From: Anders Ekeland (anders.ekeland@ONLINE.NO)
Date: Sat Jun 09 2007 - 06:48:17 EDT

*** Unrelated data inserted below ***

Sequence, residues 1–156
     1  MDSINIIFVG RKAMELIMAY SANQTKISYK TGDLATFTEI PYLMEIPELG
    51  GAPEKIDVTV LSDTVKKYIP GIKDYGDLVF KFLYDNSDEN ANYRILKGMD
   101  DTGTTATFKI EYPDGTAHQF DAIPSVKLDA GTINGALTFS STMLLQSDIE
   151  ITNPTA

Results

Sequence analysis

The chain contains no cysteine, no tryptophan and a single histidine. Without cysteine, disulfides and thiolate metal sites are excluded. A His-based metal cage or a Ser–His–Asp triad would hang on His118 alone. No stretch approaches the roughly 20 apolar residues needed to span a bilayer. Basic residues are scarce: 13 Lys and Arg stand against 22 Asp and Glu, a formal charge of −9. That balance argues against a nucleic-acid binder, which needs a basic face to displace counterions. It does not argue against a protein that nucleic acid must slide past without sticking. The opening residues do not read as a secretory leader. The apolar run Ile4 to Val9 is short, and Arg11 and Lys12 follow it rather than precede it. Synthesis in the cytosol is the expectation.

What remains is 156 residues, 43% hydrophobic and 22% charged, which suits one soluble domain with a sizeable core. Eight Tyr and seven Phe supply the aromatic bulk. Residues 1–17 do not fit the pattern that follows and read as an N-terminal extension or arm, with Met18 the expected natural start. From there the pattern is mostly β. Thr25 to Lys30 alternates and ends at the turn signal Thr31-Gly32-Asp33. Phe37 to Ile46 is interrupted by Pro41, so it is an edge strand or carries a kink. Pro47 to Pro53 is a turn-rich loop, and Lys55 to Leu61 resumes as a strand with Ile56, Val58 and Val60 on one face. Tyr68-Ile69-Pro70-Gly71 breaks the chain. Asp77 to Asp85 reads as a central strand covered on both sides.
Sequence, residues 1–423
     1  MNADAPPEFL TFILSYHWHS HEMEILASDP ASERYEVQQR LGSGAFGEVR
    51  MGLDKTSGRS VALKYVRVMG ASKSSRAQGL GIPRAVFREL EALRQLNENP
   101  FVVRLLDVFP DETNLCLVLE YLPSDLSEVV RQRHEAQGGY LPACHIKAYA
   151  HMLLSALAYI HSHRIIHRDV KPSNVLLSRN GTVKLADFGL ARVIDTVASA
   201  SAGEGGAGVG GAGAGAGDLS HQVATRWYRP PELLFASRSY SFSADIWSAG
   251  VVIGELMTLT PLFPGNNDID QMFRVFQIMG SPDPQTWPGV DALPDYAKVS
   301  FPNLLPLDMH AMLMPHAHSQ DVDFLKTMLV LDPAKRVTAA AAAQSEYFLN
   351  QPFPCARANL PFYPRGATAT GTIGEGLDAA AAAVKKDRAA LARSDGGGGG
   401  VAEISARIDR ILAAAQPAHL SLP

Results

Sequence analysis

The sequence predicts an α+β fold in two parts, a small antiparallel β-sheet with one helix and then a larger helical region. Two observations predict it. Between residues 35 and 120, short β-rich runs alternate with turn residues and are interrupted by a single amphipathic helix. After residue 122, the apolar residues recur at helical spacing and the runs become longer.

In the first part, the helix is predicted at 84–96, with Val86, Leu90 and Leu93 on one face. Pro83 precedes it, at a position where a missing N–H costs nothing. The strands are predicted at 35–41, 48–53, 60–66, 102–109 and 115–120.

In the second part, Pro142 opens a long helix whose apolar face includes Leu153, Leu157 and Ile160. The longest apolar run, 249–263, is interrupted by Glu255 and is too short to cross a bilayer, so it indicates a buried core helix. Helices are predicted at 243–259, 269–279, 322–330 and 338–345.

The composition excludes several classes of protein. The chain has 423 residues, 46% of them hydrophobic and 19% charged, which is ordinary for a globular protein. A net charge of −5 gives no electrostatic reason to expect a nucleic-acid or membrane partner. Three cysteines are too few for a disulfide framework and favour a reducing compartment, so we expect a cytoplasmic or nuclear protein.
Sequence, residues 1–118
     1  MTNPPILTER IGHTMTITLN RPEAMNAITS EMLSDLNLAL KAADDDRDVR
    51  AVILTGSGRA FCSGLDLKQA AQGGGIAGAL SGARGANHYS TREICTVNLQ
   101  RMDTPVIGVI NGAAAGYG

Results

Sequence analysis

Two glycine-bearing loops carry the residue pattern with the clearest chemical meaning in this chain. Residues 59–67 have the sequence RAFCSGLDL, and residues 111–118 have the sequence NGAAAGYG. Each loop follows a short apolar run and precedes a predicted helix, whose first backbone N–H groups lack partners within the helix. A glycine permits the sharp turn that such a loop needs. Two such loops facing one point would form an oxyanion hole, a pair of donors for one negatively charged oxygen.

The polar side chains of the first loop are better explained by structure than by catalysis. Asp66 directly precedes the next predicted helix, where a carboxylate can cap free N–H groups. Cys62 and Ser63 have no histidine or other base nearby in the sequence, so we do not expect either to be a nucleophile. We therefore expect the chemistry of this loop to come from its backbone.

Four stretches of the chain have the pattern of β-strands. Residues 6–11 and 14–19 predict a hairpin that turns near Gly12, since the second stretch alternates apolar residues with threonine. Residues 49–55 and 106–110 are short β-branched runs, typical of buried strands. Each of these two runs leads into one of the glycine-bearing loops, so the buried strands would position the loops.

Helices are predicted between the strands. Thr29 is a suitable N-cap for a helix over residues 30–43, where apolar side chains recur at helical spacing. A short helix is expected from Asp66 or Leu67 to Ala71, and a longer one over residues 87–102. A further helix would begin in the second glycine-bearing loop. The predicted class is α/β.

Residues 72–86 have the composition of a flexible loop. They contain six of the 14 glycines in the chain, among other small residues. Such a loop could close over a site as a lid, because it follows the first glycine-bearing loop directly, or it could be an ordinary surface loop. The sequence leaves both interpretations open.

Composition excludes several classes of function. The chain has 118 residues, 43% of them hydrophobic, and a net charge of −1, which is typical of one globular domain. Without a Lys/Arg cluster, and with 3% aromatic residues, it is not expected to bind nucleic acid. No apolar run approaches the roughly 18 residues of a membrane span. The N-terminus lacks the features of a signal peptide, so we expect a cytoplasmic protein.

Hi Hans, the translation is good AFAICS, but your interpretation I find quite strange and unconvincing; just to take one example: - the whole point for Marx is that *all* types of complex labour "must always be reduced average social labour through money (gold and silver). - If Marx do not regard gold producing labour as simple here then he has not answered how the reduction of various types of complex labour are reduced to simple labour. The difficulty is not to say that different labours can and must be equated - it is how to find the coefficients which is the problem. Hic coefficientes hic salta! Regrettably I cannot just now go into a detailed analysis of the various passages where Marx treats this issue, but it seems to me rather obvious that you cannot get one theory out of it. See my other posting on this issue. The "process behind the producers back", education costs, gold producing labour - you just cannot make one coherent story out that. If that was possible - great thinkers like Hilferding and Rosdolsky, Rubin et. al would have shown the inner logic of such a solution - if there was one. I cannot see this as making the same argument, just in more detail, because the French version is not more detailed, it just have another logic, an other focal point. Not educations costs, but the gold producing labour which since Marx (mistakenly in my opinion) believed was close to "directly social labour" - cr. Mandels article in Freeman and Mandel, "Ricardo, Marx and Sraffa" "Gold, Money and the Transformation Problem" Regards Anders At 15:07 06.06.2007, you wrote: >Here is my attempt to translate the second paragraph from French to >English. (It is MEGA II/7, p. 163). I am not very good at French, and >I may have guessed wrong, but here it is: > > On the other hand, whenever the production of value is the issue, > higher labor must always be reduced to average social labor, for > instance one day of complicated labor to two days of simple labor. > If the mainstream economists are full of indignation about this > ``arbitrary assertion,'' isn't this an occasion to say, according to > the German proverb, that the trees prevent them from seeing the > forest! What they claim to be an artifact of the analysis is simply > a procedure which is practiced every day in every corner of the > world. Everywhere, the values of the most diverse commodities are > indistinctly expressed in money, that means, in a certain amount of > gold or silver. By this very act, the different kinds of labor > represented in these values have been reduced in various proportions > to determinate amounts of one and the same kind of social labor, the > labor which produces gold and silver. > > > >Gold producing labor is not the same as simple labor. But Marx does >not say here that all complicated labor is reduced to gold producing >labor. He argues that in the production of commodities, the >qualitative differences between concrete labors are reduced to mere >quantitative differences in abstract labor, with simple abstract >labor, as it is possessed by every worker in the given country, being >the numeraire. In order to support his claim that such a reduction >takes place, he shows that in circulation, all commodities are reduced >to gold, therefore the labor in them is reduced to gold-producing >labor. But this is in circulation, not in production; from the second >peculiarity of the equivalent form we know that in circulation, >``concrete labor'' (i.e., the labor producing gold) ``becomes the form >of manifestation of its opposite, abstract human labor.'' > >Therefore I don't consider the French text to be a change from the >German or English, it just makes one argument in more detail than the >German or English. > >BTW, there is a long and interesting footnote (just before the passage >translated here) where Marx argues that the difference between skilled >and unskilled labor is often based on tradition of other exterior >influences. I think Marx is saying here that yes, a reduction takes >place, but there is no general law governing how this reduction takes >place. In some instances one can say that skilled labor is multiplied >simple labor because of the training costs, but this does not cover >all qualitative differences between labor powers. For instance >because of the exhaustion of the labor force in general (due to >excessive length of the workday) muscular bricklayers counted as >higher labor than the much more skilled tailors. > >This is not the only place where Marx says that certain economic >magnitudes are not governed by economic laws but depend on other >circumstances, for instance, the force of the contending parties. Two >other famous examples for this are, of course, the length of the >workday and the interest rate. > >Hans.
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